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Battle Creek Likely to Extend Medical Marijuana Moratorium

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The Battle Creek City Commission next week likely will extend a moratorium regulating distribution of medical marijuana.

At least six of the commissioners favor an 11-month delay before tackling implementation of the 2008 Michigan Medical Marijuana Act.

The decision will come within days of Wednesday's discussion of the law presented by Kenneth Stecker of the Prosecuting Attorneys Association of Michigan. The discussion was organized by the Substance Abuse Council.

He told about 50 members of law enforcement, the courts, and city, township and county officials from across Calhoun County that several provisions of the law remain vague and questions are pending in courts across the state.

Stecker told the group issues yet to be decided include what defines a marijuana plant and a locked facility for keeping the plants and even what medical conditions qualify for a medical marijuana card.

"We are best off taking a sit-and-wait approach, that is what I took it to mean," Battle Creek City Ward 3 Commissioner Laurie Sullivan said after the meeting. "I was frustrated with waiting because there will always be an appeals process. At one point do we stop waiting for appeals? We are not elected to sit back and wait, we should be proactive."

Sullivan said she supports the state law but reluctantly supports the moratorium on any local ordinance.

"I question the length more than that the extension is needed," she said. "It just seems very vague and that is everyone's frustration. Everyone is unhappy with it. Everyone is frustrated by the way it was worded. There are so many vague definitions."

At-large Battle Creek commissioner Diane Thompson also said after the meeting she favors continuing the commission's moratorium.

"It gives the city time to watch what the courts do," she said. "It buys us some time so we can put in place some processes and approvals that compliment what the state law is. I think the moratorium buys us some time."

Thompson noted that Stecker's presentation showed that a majority of those who voted in every county in Michigan favored the medical marijuana law in the 2008 ballot initiative. But she said the law's provisions are not clearly defined.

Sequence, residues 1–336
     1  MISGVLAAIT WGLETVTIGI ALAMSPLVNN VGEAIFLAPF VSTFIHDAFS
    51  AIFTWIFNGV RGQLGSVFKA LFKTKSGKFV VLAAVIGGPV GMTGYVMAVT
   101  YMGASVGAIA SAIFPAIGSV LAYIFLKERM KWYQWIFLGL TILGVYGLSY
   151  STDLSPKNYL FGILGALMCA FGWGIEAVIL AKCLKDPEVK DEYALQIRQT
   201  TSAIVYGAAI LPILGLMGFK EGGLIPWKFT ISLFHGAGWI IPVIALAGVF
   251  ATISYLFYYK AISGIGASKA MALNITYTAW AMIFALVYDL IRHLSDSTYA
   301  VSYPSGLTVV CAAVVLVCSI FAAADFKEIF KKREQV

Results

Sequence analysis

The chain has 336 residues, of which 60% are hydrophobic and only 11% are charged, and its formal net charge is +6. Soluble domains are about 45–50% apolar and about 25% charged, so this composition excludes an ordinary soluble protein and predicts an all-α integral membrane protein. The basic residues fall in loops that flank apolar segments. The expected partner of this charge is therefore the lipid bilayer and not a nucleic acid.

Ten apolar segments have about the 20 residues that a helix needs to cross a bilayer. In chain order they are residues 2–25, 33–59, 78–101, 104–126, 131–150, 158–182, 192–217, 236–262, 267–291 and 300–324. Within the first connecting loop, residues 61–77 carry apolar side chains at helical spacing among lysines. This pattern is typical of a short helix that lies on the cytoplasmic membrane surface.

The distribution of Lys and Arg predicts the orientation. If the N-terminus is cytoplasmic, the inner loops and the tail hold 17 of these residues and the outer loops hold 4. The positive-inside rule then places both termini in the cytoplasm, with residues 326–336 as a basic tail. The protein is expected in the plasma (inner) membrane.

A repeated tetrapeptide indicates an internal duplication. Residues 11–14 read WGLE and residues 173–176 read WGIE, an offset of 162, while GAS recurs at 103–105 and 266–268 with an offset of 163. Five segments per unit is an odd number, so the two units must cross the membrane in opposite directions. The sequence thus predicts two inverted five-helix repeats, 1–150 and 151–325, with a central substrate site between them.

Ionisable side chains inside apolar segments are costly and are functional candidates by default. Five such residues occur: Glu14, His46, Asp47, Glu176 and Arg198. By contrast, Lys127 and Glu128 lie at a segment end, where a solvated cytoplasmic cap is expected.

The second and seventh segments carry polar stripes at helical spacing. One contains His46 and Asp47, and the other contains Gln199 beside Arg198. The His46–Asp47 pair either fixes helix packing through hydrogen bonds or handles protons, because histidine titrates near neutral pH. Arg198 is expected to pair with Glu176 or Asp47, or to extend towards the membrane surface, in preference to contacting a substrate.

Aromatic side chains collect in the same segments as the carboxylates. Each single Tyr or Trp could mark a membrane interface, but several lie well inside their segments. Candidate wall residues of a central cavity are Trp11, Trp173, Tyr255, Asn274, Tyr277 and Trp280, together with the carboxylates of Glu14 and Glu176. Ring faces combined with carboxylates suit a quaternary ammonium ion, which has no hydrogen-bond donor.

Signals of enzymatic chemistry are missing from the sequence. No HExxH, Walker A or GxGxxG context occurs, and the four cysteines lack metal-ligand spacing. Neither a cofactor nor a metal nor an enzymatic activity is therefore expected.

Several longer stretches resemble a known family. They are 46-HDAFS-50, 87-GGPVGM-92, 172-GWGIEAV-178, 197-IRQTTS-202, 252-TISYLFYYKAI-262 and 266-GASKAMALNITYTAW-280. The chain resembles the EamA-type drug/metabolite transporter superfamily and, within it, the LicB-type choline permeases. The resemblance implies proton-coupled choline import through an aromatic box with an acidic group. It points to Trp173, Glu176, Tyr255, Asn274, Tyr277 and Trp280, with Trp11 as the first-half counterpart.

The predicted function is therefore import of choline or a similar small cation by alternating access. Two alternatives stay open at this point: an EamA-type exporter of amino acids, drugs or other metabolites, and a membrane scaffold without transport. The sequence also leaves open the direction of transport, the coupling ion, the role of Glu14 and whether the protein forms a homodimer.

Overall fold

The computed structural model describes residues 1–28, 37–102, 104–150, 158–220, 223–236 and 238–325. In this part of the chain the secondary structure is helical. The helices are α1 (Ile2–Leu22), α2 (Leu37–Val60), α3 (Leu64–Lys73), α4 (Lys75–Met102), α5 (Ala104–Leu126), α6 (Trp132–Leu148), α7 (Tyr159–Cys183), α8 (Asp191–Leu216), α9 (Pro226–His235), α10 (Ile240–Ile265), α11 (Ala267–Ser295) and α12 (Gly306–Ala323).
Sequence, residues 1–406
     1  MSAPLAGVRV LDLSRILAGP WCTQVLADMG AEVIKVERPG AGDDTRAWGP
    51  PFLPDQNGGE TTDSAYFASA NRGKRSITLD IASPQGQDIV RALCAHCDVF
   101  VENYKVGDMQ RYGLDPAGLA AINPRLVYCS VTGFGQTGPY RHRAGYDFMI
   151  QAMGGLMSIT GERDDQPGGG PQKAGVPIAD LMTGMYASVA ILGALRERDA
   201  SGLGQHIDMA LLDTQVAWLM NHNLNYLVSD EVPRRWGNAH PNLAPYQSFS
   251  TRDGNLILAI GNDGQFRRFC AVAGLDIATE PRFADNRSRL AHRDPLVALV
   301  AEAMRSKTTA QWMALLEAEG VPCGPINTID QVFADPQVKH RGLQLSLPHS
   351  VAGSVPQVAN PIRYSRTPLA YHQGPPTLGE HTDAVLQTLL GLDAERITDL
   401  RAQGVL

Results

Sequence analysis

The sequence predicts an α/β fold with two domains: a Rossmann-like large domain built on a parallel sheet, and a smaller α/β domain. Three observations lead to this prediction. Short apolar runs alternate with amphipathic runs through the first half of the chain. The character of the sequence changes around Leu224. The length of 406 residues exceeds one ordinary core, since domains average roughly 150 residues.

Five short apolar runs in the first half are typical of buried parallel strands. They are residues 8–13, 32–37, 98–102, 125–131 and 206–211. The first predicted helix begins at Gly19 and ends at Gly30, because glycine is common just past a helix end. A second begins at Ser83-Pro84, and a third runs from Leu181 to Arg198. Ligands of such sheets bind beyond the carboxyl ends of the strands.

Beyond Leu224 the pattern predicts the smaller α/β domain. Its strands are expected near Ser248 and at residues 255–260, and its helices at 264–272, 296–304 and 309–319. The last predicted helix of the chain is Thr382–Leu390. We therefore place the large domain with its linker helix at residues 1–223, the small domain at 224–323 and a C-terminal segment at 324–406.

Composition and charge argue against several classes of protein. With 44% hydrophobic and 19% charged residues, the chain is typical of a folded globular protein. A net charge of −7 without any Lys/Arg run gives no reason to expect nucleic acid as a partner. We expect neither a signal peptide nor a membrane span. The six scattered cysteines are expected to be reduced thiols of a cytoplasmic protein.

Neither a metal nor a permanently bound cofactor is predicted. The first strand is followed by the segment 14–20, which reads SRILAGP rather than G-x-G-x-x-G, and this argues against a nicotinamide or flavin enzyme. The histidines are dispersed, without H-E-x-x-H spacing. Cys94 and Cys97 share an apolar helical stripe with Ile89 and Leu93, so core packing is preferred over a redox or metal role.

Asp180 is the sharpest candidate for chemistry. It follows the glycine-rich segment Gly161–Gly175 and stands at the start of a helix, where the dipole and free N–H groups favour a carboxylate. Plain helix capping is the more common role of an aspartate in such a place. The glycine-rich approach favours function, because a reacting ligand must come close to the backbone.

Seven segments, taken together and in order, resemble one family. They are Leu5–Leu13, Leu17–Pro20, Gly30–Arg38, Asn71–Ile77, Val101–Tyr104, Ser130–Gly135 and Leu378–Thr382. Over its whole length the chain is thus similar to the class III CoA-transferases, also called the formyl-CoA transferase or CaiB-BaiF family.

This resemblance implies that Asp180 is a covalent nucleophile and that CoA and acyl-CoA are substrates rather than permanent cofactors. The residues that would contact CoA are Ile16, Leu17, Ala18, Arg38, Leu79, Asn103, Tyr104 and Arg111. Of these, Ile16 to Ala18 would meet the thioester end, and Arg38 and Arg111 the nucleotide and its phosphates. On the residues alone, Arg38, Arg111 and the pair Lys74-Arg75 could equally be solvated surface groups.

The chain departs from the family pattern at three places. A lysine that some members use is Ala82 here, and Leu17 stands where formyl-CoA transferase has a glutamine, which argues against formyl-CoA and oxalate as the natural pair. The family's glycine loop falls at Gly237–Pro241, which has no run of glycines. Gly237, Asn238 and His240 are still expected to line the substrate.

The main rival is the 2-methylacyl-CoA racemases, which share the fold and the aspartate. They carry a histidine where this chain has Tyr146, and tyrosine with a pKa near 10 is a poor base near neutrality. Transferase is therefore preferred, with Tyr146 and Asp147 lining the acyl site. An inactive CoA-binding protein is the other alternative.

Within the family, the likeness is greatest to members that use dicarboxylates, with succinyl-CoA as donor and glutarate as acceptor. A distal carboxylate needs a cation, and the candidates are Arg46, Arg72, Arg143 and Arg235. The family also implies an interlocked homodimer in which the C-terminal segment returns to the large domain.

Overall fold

"He showed how many different areas are vague and unclear and that makes it challenging for municipalities," she said.

Marshall Police Chief James Schwartz said Stecker's presentation was one of many he had heard on the subject and "the confusion is until we get some legislation and some direction. This will be a hot potato until we get some kind of direction."

Schwartz said one problem area is the conflict with the federal government, which views marijuana possession as a crime, while possession in Michigan by someone with a medical marijuana card is legal.

Marshall also had delayed any decision on regulating the use and distribution of the drug but Schwartz said the city council likely will decide in July a next step, which may be extending a moratorium on regulations.

"It is difficult because the law is vague but just to ignore it and not do anything is wrong.

"It is a law passed by the voters and we have to respect that," Schwartz said. "But to what level can we allow it without infringing on others?"

News Hawk- Jacob Ebel 420 MAGAZINE
Source: battlecreekenquirer.com
Author: Trace Christenson
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Copyright: battlecreekenquirer.com
Website: Battle Creek likely to extend medical marijuana moratorium
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